Years ago, when I was a graduate student at the University of Pittsburgh’s School of Social Work, we were required to prepare a Masters thesis. At the time I was actively playing music and having gigs with my group was one way of paying the bills. Given my interest in music, I decided to do my Masters thesis on music and moods.
The entire field of music therapy was just initiating and as a musician this notion interested me. So I decided to marry the important elements of mood and perception with the impactful notion of music. As an organizer I knew that getting people excited and willing to engage in action required more than just the cause. It seemed that if music could be introduced into the environment it could have a subliminal effect on people getting more excited about an issue.
of course, today we know this relationship and music is used in many ways to either excite, or calm people. Think about political rallies that reve up the audience with pulsating or message songs to get people not just excited, but willing to do the important campaign work.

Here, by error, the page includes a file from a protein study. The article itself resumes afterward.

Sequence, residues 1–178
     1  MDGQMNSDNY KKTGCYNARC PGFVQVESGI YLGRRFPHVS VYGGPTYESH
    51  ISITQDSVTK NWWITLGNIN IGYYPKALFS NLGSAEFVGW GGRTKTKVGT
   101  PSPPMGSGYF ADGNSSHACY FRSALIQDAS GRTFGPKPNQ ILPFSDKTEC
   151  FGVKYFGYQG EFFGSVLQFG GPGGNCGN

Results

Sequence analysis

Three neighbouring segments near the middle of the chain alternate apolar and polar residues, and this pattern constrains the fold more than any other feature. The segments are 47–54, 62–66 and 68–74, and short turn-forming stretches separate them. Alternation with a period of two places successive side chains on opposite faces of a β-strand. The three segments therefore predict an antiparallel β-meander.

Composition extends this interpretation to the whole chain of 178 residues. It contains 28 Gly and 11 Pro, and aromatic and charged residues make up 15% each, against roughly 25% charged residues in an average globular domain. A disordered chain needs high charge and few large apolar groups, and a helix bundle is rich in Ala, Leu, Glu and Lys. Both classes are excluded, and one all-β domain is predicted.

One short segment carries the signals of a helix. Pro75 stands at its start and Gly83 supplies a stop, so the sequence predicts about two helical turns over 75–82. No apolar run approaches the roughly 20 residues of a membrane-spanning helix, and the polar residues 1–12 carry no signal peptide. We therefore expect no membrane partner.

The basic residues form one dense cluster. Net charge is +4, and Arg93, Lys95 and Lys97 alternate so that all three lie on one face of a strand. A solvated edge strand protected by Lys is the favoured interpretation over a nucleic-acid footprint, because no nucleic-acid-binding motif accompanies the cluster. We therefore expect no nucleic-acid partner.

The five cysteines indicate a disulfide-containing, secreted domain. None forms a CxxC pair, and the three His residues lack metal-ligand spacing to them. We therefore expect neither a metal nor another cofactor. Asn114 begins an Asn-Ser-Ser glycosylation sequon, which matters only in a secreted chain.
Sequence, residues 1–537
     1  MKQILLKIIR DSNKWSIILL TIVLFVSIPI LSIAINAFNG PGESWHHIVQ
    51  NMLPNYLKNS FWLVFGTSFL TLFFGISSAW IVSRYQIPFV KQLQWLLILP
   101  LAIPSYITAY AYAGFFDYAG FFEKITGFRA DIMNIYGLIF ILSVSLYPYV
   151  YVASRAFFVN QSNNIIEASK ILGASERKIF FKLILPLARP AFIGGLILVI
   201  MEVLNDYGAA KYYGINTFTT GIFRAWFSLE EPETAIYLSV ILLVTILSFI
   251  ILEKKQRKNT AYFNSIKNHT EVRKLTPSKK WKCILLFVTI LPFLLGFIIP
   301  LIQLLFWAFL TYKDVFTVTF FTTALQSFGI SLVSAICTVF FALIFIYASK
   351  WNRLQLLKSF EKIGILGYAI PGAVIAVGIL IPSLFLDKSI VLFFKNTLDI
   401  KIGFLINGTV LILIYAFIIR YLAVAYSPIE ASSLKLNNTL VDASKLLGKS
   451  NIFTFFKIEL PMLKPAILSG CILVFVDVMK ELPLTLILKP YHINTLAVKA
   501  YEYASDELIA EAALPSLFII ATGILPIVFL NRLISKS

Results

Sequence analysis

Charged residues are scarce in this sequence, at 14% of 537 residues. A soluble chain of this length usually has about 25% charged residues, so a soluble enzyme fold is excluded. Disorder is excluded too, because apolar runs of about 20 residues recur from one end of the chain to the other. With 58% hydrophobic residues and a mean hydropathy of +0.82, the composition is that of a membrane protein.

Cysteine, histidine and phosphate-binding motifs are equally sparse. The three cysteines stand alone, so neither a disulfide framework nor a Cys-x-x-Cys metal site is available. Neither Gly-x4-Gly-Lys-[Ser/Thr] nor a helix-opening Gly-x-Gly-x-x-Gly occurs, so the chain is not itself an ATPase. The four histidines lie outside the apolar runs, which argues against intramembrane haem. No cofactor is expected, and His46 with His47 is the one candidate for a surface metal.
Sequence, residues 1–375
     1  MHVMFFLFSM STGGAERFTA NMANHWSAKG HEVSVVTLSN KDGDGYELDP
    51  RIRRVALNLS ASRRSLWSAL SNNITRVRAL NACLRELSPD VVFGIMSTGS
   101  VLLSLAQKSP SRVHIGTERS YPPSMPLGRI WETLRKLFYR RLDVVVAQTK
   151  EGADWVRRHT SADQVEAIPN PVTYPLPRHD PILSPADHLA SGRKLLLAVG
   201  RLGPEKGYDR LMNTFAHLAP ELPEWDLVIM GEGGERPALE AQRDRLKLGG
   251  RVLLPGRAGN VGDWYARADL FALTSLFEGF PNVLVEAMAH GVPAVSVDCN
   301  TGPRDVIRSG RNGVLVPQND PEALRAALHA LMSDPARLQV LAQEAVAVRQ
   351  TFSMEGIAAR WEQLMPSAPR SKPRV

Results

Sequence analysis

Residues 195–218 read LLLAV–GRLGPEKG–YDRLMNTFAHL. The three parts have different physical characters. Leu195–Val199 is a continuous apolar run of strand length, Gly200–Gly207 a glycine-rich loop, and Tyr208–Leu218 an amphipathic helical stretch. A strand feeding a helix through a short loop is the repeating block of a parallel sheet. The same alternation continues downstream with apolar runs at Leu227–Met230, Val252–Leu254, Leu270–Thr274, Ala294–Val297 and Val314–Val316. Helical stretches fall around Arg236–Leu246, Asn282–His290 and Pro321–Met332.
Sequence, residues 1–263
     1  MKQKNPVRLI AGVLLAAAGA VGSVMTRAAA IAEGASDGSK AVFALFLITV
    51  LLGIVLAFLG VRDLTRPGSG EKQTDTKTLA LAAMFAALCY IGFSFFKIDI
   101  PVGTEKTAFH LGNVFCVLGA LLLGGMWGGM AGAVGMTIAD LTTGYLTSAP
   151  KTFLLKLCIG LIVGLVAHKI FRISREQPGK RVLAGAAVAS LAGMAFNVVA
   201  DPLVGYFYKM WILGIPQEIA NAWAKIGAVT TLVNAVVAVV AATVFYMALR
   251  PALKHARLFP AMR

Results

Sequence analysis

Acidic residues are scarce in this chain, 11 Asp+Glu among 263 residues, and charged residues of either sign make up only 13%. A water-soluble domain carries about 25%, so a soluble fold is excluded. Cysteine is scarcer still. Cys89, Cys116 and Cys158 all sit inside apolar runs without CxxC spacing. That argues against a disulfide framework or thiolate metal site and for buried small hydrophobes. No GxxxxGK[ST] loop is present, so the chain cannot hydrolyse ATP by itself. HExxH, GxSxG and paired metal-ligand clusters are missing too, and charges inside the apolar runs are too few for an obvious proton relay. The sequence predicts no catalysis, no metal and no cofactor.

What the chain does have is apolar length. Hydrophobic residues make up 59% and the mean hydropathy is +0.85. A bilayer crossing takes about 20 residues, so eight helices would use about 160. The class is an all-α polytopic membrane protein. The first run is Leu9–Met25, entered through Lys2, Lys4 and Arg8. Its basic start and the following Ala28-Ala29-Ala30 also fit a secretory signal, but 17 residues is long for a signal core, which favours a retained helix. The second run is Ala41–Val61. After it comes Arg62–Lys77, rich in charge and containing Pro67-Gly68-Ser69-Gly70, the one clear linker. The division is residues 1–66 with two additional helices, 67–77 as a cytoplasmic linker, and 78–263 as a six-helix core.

On an individual basis, music has similar impact. I know for me I can hear a song that brings me back another place in time, with the song linked to a happy or sad notion. This is amazing and potent power. In fact I know people who must have their playlist up and running before they can do their daily workout. Sort of like the theme to “Rocky” as he runs up the Philadelphia Art Museum steps. Even Christmas music can put people into certain moods.
Music is multidimensional and has powerful effect. All of our lives are better for it.